Session: Breaking barriers and the power of mentoring
Who am I and what is my brand? This is a question we should ask ourselves. Having not come from a technical background, I was apprehensive to apply initially. However, my experience has shown you can succeed and break barriers with patience and perseverance. How do we overcome that stereotype that tech is a man's profession? Women represent only 17% of the technology workforce, despite representing 47% of the UK workforce. Targeted interventions such as mentoring and getting your profile out there are required to bring about change. There's always someone else coming up behind you who needs guidance and can benefit from your wisdom. If you've only been in the industry for a couple of years, you might think you don't have the experience to mentor effectively. But you might be really good at it, precisely because you are new: you'll remember things that more established people will have long forgotten, plus you can always learn what has been passed down to you. Programs aimed at support, retention, community and progression makes tangible leaps to gender parity. Being a mentee, and a mentor, I recognise the role I play in creating a step-change in the wider industry, yes ‘little’ me.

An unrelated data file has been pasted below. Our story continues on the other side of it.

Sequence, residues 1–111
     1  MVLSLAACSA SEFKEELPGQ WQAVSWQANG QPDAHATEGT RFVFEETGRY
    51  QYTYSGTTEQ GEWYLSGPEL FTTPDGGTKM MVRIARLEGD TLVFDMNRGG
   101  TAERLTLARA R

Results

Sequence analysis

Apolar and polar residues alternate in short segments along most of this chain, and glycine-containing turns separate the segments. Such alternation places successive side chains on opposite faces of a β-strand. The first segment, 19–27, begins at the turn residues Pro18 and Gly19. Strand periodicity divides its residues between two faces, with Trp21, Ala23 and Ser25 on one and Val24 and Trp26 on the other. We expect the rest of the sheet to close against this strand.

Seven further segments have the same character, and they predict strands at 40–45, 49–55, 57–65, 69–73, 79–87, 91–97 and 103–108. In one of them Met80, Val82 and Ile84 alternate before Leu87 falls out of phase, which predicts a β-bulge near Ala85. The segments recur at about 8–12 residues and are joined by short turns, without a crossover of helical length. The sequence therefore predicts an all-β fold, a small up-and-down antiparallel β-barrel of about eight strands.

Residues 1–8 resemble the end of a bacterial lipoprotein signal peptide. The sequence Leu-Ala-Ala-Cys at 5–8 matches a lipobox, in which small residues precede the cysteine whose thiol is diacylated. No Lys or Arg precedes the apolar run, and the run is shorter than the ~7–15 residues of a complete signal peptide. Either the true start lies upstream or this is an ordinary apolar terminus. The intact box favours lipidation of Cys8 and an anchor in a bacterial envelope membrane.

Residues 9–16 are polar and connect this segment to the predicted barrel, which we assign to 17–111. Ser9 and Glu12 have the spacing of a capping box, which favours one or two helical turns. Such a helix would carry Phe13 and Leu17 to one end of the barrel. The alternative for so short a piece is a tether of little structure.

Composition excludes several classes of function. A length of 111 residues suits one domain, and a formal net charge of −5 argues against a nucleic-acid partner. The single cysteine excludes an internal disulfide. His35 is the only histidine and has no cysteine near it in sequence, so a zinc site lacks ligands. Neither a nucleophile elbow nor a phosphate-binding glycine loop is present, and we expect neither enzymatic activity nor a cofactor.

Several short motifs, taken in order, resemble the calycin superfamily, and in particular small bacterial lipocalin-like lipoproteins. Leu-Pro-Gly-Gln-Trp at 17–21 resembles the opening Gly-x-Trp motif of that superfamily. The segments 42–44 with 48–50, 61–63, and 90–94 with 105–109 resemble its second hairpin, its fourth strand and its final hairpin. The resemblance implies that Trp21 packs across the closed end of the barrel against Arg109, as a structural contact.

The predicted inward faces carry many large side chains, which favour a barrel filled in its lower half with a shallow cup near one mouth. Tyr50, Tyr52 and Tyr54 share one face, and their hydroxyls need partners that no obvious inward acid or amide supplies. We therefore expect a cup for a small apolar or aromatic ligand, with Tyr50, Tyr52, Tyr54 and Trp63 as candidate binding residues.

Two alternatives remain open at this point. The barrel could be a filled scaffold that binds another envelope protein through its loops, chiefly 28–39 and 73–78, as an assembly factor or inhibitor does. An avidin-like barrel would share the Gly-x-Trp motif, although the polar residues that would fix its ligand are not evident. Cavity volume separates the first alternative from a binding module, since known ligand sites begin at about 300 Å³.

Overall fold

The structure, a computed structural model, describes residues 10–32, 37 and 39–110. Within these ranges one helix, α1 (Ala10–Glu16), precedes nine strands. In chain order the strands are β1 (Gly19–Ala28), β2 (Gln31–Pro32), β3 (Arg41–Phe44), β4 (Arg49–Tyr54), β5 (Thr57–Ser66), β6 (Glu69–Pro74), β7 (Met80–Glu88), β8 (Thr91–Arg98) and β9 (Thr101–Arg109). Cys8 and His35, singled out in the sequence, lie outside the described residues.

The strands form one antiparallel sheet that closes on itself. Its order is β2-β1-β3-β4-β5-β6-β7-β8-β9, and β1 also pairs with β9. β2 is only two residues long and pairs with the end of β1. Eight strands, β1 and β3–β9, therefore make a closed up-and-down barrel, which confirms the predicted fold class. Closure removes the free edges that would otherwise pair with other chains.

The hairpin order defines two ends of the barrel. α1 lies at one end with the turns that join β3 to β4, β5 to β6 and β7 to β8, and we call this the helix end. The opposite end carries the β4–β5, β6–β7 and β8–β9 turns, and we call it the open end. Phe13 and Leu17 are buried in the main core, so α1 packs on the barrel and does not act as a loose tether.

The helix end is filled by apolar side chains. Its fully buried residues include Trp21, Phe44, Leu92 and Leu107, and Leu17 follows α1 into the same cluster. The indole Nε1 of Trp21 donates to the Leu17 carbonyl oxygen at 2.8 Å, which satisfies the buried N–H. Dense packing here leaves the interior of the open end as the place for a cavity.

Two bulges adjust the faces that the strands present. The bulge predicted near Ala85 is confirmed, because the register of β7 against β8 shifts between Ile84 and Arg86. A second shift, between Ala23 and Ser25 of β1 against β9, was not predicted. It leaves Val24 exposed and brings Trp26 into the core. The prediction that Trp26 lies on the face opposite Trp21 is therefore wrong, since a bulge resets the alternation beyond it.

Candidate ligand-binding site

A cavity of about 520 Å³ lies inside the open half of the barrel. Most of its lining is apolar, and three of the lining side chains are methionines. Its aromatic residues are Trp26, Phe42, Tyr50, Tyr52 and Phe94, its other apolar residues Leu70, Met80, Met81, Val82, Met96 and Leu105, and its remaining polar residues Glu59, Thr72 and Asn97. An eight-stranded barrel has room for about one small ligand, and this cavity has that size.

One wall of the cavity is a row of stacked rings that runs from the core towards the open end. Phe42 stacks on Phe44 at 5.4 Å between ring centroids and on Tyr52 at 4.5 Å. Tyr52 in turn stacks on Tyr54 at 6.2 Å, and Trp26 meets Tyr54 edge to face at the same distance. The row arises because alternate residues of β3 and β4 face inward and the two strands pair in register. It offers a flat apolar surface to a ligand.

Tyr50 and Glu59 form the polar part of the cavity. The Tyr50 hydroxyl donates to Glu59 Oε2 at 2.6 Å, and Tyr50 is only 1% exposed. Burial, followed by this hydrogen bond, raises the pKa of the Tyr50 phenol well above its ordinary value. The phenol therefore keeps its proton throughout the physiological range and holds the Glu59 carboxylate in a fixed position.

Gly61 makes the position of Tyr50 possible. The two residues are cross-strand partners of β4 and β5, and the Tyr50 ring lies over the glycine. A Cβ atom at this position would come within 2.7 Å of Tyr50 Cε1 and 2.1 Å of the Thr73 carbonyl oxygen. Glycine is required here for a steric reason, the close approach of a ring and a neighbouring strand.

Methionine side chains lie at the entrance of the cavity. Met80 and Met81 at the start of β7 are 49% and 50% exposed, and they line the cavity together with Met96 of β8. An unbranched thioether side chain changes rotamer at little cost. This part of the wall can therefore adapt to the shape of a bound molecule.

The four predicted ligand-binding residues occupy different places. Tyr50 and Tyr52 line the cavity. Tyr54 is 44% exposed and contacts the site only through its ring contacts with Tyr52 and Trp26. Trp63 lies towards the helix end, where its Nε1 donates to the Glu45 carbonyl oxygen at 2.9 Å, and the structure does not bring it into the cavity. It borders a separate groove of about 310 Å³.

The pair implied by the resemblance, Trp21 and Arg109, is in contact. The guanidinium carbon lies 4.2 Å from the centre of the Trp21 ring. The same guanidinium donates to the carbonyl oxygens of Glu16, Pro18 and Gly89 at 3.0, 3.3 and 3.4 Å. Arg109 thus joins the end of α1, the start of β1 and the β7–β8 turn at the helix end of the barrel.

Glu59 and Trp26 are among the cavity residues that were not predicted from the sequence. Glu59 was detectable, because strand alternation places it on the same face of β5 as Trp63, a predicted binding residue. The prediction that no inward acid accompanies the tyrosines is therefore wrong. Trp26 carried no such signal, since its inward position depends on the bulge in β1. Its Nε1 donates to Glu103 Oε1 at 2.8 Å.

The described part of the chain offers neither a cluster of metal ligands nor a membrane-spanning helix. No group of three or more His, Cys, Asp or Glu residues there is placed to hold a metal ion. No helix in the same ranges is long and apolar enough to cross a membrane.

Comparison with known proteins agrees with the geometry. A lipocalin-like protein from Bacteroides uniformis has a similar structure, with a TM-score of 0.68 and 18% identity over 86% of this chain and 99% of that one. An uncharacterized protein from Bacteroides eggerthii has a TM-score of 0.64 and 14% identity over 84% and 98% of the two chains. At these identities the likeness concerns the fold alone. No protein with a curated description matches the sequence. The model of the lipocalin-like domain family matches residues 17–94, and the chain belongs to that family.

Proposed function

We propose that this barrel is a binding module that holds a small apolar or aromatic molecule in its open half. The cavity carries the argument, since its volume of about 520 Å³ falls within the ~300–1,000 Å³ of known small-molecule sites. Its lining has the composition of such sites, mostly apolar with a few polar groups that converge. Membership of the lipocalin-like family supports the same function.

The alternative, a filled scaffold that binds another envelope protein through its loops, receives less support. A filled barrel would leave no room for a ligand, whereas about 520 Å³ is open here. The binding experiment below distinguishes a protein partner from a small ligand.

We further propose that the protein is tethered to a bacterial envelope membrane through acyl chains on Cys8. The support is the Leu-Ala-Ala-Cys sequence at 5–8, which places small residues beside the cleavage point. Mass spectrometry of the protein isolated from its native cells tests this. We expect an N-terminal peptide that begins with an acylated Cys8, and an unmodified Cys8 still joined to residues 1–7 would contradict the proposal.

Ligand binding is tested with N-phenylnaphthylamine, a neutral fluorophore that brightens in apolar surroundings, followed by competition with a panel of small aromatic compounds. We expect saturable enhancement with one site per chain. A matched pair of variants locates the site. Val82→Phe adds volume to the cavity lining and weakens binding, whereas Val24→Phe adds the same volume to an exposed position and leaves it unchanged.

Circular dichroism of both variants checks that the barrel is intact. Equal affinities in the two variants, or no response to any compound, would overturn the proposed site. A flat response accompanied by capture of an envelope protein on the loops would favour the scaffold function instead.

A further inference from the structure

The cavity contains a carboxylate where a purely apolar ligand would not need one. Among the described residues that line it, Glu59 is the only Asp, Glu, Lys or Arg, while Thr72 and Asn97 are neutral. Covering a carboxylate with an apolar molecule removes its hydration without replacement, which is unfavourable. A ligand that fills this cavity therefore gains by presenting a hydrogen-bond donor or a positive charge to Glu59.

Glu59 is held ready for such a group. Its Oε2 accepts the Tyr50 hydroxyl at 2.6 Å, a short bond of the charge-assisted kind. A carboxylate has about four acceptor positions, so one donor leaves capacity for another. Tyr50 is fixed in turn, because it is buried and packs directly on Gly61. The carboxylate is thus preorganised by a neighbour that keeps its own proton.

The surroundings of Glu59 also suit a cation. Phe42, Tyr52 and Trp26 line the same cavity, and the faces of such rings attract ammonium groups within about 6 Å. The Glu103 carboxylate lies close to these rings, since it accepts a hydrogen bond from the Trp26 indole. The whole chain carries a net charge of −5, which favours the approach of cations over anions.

- Mentoring made easy
- People skills will never become automated
- Power of profile
After gaining experience in PR in Paris, agriculture in Germany and Africa, international relations in the UK and technology at KPMG UK and now in Belgium, I have cultivated a diverse skill set that is applicable to the deliverables expected to be a strong female technology advisor.
Throughout my time at KPMG I’ve consistently been looking for ways to help as much as I can with the progression of my role in the IT Risk team, as well as challenge myself and take on opportunities outside of my job role. This curiosity and desire to broaden my network has led me to be a guest speaker on multiple technology panels, become an UpReach mentor and be selected as a member of KPMG’s Next Generation Council and Board of Young Professionals.
Despite my non-technical background out of University, this has not held me back from becoming a strong female assistant manager within Technology.